The Unique Identity Authority (UIA) will not plug the chronically leaky delivery of public services, which means, it may not improve the targeting of these services. To that extent, it may not turn out to be the tool for poverty alleviation that some expect it to be.
Its high-profile Chairman Nandan Nilekani says fixing bad governance isn’t exactly what he signed up for. “My primary concern is to ensure every resident of India gets a unique identification (UID) number,” he says. It’s a tall order that has never been achieved before by any other country and, at any rate, will be of huge service to national security. Nilekani isn’t guaranteeing whether an unique identification will provide unhindered services that its holder is entitled to - since that’s for the providers of these services to ensure.
|UIA will not resolve bad delivery of public services.|
|It will not alleviate poverty.|
|It will give unique identification numbers.|
|Using the UIDs for fixing governance issues will be up to the public service providers.|
The big-buck project, he explains, will involve two stages: first, the technical infrastructure will be laid out and the database built by acquiring data from the likes of PAN card issuing authorities.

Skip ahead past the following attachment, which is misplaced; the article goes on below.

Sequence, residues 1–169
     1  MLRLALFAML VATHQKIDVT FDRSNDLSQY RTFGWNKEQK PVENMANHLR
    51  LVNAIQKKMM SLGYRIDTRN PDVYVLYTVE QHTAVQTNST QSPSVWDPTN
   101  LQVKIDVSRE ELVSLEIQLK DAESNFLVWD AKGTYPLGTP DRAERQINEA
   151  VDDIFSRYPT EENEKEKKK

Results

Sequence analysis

The enrolment drive will form the second stage where partners such as mobile phone operators will assist in the collection of biometric samples. In the third stage, in which Nilekani sees only a consolatory role for the UIA, the new infrastructure and database will be used to drive transparency and accountability in public services.
“We could hold workshops for departments and offer consultation on leveraging the database,” he explains. The database will partially resolve bad targeting by preventing a claimant from usurping more than his share of benefits. Nevertheless, it will not be able to differentiate between undeserving and genuine claimants, feel observers.
So, is mass faith in the UID project misplaced? The globally acceptable rate of error in biometric identification technologies is 0.4 per cent, which for the UID project turns out to be a whopping 40 lakh Indians. It’s the overarching faith in technology as a tool for addressing socio-political issues that seems to be the trouble here. It’s not a magic wand and technologists are no wizards.